Poverty and Suli

Here are just some thoughts I wanted to get down in this post about poverty and its causes.

I have always thought that people in poverty need a chance to get better education and from this they would be able to move on to a better or more profitable job, thus able to lift themselves and their family out of the poverty trap they find themselves in. Now, however, I feel that the layers that make up this ‘trap’ are more intricate and numerous than I had originally perceived.

I have heard of a few stories about people offering to pay for tuition fees for Filipinos who had to drop out of school because they didn’t have the funds to continue, or because they needed to start working in order to make money to support their parents and other siblings. In many cases, even if the young Filipino wants to go to school and be educated they may not be able to, even if they have the cash they need for tuition, clothes and books sitting in their hands. The main reason that this may be the case is that they need to provide for the family and working full time in school doesn’t bring home any food for several years as you need to graduate before you can get the higher paying jobs. So the short term need outweighs the long term benefit and school is sacrificed. I have heard that in some cases parents forbid their children to go to school even if all the costs are covered.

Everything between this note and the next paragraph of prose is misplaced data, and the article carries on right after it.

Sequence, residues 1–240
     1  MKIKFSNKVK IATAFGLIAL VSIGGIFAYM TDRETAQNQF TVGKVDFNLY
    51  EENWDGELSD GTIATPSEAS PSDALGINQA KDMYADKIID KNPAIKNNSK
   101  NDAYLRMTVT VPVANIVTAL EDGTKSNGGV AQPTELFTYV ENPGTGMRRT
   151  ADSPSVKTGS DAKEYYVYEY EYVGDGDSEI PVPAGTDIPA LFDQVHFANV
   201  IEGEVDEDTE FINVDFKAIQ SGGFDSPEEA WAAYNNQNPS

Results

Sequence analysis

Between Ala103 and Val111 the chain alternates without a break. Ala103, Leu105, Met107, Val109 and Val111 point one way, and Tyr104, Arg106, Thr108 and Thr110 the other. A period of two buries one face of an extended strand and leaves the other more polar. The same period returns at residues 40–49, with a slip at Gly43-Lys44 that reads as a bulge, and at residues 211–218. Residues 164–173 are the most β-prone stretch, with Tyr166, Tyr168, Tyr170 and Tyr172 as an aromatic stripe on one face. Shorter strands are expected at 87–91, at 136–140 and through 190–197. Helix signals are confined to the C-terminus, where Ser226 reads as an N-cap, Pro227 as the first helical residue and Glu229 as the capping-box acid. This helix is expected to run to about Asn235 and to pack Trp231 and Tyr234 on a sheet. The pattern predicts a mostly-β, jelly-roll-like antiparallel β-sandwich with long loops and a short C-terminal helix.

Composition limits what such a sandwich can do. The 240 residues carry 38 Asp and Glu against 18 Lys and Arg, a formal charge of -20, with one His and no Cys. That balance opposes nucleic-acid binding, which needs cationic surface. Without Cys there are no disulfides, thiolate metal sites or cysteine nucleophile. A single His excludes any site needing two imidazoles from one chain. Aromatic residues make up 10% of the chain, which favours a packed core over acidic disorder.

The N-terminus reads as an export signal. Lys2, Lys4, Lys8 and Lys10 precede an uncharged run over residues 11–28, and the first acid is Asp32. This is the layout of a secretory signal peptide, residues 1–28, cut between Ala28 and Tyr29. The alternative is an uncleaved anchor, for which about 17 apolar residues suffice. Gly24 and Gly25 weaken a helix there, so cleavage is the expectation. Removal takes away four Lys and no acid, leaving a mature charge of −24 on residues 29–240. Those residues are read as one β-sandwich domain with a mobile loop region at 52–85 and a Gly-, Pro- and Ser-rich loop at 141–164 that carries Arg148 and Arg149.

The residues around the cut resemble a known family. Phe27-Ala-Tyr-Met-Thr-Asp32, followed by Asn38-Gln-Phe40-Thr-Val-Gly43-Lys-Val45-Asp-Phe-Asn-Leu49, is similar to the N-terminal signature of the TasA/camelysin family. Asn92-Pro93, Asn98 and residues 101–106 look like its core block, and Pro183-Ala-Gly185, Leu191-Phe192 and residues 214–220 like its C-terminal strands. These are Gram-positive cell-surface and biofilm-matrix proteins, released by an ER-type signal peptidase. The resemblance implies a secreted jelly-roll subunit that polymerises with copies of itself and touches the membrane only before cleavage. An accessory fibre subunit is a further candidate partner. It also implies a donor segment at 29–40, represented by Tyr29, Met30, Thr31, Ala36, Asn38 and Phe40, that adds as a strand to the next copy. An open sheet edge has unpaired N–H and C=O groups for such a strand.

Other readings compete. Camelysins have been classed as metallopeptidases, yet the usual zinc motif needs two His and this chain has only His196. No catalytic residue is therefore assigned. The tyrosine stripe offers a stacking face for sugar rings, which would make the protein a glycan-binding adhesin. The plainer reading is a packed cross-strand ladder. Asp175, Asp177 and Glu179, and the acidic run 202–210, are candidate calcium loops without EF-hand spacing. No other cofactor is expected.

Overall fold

A secondary effect of this is that further education and vocational courses often require a minimum of high school diploma or passing various subjects at college level. Indeed, in the Philippines only 50 odd percent of students make it out of elementary school with a pass. So, any hope of doing a course later in life is crushed as people don’t have the necessary qualifications in the first place. Therefore the poorest keep the worst paid and most difficult jobs. Later in life maybe they will have some children and because they have struggled on the poverty line for so long, when there is an opportunity to have an extra family member work it is pounced upon, rather than encourage that family member to finish school. The trap is maintained, its grip firm.

Education is the ultimate key to the problem, of that I am sure. But there are these layers that mean that simply donating money to a cause, even an educational cause, may not mean that the people who we think we are helping actually receive any benefit at all. It’s a tricky one.

I wrote a short story based around poverty. Its called ‘Suli’ and is in the short stories section of the blog, give it a read!

This is a Badjao man begging for money beside a passenger boat bound for another island. The Badjao are people who live on boats at sea, sometimes for years at a time without seeing any land. They have recently been displaced from their areas by fighting and poverty and many of them get money by begging. People throw coins into the water and the Badjao dive down to get them. It was one of the saddest things I have seen out here. A man of a once proud people who lived in harmony with the oceans, now destined to dive for coins and live in shanties by the polluted port.


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